The company is connected to one in four U.S. bank accounts, Sager said.

Plaid has direct relationships with large banks like Wells Fargo and JPMorgan Chase, accessing accountholders’ data through an application programming interface. In other words, the bank feeds certain types of data, with customers’ permission, from its core system to Plaid.

For smaller banks that do not have a direct agreement with Plaid, the company often ends up screen scraping customer data.

Sager argued that small banks could benefit from a relationship with Plaid.

“It’s very hard for a small or regional bank to compete in a world where you have Wells Fargo and Citi and others spending tens of billions on research and development,” Sager said. But through Plaid, they could integrate with fintechs that offer an experience that matches or competes with the big banks’ apps.

Thumbs-up from a VC

Theodora Lau, a partner at the venture capital firm Unconventional Ventures, who generally invests in small, up-and-coming fintechs with new ideas, said she sees value in Money in Excel.

She has been using Office 365 at home for years.

“I think they’re trying to rebrand this to be more family focused,” she said. “Microsoft got rid of the word ‘Office’ to imply that it’s not just about being in the office but also outside of the office. If you look at the trends, even before the current coronavirus outbreak, people were working more and more remotely and using a blend of home and work technology.”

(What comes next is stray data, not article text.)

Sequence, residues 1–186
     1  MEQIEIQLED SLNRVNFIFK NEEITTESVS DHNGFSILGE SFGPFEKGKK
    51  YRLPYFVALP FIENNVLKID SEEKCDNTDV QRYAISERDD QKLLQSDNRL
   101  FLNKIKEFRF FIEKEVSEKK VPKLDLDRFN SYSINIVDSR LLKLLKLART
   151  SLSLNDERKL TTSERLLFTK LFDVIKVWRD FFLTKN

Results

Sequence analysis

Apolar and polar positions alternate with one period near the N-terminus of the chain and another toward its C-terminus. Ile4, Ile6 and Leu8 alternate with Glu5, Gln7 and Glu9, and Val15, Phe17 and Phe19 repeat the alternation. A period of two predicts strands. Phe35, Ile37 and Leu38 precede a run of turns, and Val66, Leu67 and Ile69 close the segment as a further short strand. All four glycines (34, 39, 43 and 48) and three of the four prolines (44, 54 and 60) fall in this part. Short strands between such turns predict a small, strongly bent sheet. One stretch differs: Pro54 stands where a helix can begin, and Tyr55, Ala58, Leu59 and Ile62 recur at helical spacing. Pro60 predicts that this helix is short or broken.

Lau said that one of Microsoft’s new templates will alert users when there are price changes for recurring payments.

“That reminds me of what some of the startups do, like Billshark,” she said. “They monitor the recurring payments and if there’s a change, they can save you money.” This is helpful in an environment where most people need to be cautious about spending.

“Especially after this crisis is over, we’ll need to focus on how do we rebuild our finances, which will then include looking at what we’re spending, what can we change and what are the fees that we can minimize?” Lau said. “It’s an interesting step in the right direction.”

But are Americans too lazy to manage their money in Excel?

“After you set this up, it will automatically be created for you, so you don’t have to do it manually,” Lau said. Many high-net-worth people already use Excel to manage their money.

Lau wondered if Microsoft will link Money in Excel to its artificial intelligence-based virtual assistant, Cortana.

“If the AI can analyze your spending and alert you, that could be helpful,” she said. “And then taking a step further to be able to link up to the voice function would be super interesting.”

A question for any company using and displaying bank account information is, how will they keep it secure?

“I would actually trust Microsoft security more than a fintech startup’s security,” Lau said.